Rotten Tomatoes (2/5), Metacritic (4/10), Letterboxd (2/5), Imdb.com (4/10), TMDB.com (2/5)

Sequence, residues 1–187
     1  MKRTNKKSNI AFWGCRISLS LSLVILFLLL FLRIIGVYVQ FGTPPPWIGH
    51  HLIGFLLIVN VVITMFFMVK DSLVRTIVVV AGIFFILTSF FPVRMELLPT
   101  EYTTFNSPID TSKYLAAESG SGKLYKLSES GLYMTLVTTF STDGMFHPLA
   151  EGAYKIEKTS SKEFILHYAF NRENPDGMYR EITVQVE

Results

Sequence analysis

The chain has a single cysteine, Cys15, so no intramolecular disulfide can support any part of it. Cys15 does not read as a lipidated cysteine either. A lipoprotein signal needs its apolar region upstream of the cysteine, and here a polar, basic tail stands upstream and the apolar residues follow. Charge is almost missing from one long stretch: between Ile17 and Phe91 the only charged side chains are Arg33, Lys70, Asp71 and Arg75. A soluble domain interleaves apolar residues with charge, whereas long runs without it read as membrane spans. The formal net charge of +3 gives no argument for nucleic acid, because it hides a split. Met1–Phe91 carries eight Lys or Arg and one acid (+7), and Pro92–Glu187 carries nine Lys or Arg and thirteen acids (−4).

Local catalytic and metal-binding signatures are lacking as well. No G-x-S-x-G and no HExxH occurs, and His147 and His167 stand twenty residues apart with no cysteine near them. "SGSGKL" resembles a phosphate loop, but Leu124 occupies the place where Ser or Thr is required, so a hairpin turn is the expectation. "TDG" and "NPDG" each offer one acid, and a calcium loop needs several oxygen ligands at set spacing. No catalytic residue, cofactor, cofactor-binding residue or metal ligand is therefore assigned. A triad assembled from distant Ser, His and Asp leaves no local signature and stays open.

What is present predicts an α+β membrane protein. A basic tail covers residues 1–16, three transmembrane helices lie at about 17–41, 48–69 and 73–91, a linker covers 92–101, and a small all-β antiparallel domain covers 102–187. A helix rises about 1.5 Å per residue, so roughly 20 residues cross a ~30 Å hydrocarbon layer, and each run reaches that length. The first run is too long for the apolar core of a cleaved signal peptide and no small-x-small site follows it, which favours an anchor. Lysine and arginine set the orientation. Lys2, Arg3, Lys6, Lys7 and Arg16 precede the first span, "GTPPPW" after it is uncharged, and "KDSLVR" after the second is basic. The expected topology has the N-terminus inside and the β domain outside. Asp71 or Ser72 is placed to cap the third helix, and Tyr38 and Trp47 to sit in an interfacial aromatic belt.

For those unfamiliar with the term “aporia,” it refers to a state of puzzlement or bewilderment, especially in philosophical and ethical discourse. And, in the case of this latest effort from writer-director Jared Moshé, it’s equally applicable to the essence of this film’s existence. This romantic sci-fi saga of a nurse, Sophie (Judy Greer), who loses her engineer/physicist husband, Mal (Edi Gathegi), to a drunk driver follows the efforts to bring him back to life with the assistance of her late spouse’s best friend, Jabir (Payman Maadi), a fellow scientist with whom he was working on a time machine. Unfortunately, the device doesn’t function as intended, but it is nevertheless capable of sending a deadly subatomic particle through time whose impact is capable of killing someone – in this case, the proposed target being the motorist who killed Mal. The prospect poses a daunting ethical dilemma, but Sophie agrees to it, and she soon finds herself back in the company of her husband. But changing the past carries consequences, many of them unforeseen and difficult to deal with. The film presents an intriguing premise, to be sure, but one not unlike what was previously examined in “The Butterfly Effect” (2004). What’s more, this offering is plagued by a number of issues, such as needlessly slow pacing, insightful but overlong ethical debates and a stunningly unsophisticated temporal device that looks like one of Rube Goldberg’s comical contraptions. The biggest problem by far, though, is one of narrative credibility – not from a scientific standpoint but from a moral one: It’s hard to believe that these three supposedly intelligent individuals can be so casual and cavalier when it comes to their ethics and morals. I find it unfathomable how a supposedly compassionate caregiver like a nurse could so willingly go along with a harebrained plan to willfully kill someone for self-serving purposes; it’s a hallow, contrived and patently unbelievable story arc. And, when efforts to make up for this transgression surface, the plot truly starts to go off the rails. Indeed, the logic behind this tale truly needs to be rethought and reworked, because, as it stands now, it genuinely leaves philosophically minded viewers in a deep state of aporia, especially when it comes to figuring out why they bought a ticket to watch it in the first place.